, Volume 10, Issue 1, pp 66-72

Bipolar disorder and suicide: Research synthesis and clinical translation

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Abstract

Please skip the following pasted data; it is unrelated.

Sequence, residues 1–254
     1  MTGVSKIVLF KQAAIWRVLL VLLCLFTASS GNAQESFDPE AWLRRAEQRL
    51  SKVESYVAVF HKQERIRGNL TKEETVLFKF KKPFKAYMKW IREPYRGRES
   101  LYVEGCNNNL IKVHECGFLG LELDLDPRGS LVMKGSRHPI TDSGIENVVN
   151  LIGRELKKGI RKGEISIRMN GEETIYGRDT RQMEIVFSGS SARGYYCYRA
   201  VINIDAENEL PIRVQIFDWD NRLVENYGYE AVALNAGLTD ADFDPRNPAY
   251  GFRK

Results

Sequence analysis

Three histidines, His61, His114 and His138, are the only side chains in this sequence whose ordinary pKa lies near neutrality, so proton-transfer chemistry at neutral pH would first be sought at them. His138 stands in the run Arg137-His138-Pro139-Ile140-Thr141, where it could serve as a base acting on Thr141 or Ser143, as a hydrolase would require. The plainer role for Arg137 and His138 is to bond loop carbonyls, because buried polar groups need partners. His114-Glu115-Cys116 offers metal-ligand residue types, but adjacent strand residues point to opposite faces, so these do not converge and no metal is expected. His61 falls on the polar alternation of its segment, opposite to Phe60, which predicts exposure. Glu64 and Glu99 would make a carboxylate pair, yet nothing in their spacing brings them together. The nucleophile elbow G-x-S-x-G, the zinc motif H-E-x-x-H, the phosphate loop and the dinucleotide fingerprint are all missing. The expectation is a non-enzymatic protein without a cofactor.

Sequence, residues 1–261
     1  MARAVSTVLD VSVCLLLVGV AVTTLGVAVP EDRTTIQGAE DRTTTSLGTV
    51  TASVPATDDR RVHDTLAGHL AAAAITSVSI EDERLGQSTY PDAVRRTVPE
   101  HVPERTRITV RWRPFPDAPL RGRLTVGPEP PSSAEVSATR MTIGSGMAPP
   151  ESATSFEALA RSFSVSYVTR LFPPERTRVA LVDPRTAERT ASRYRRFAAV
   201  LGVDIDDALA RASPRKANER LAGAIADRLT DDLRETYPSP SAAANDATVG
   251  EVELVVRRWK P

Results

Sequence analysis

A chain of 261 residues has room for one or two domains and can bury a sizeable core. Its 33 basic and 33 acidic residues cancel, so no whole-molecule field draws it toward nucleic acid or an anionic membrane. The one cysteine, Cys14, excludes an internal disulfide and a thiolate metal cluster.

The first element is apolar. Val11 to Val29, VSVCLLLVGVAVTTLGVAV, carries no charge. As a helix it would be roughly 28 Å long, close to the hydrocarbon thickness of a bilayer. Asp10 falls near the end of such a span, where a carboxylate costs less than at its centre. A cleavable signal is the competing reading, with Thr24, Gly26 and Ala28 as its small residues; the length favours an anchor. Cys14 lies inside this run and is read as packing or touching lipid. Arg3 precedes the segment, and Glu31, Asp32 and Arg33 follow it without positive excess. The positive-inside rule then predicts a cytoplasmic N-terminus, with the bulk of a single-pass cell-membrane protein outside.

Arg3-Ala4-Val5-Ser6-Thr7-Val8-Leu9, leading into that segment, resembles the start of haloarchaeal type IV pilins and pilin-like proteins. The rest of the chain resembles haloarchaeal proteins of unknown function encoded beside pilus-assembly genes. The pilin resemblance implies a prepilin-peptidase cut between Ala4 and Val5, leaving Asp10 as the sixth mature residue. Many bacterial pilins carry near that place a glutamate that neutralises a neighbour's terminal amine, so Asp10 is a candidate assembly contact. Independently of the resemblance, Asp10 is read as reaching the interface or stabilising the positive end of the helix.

Attempted suicide and suicide are prevalent in individuals with bipolar disorder (BD). Extant evidence indicates that history of suicide attempts, percentage of time spent in a depressed state, and hostility are factors associated with suicide attempts and completed suicide. Childhood adversity (eg, sexual and physical abuse) is emerging as a risk factor for suicide attempts in adults with BD. The pertinacity of medical comorbidity (eg, obesity, metabolic syndrome) in the bipolar population is further underscored by its preliminary association with suicidality. Biomarkers such as cerebrospinal fluid monoamine metabolite levels may be predictive of suicide attempts and lethality in BD. Compelling evidence supports an antisuicide effect of long-term lithium prophylaxis; lithium’s salutary effect is mediated primarily by reduced lethality of suicidal acts. Conventional unimodal antidepressants may engender or exacerbate suicidality in susceptible individuals with BD. A nascent database suggests that adjunctive psychosocial interventions may further reduce suicide risk in bipolar individuals.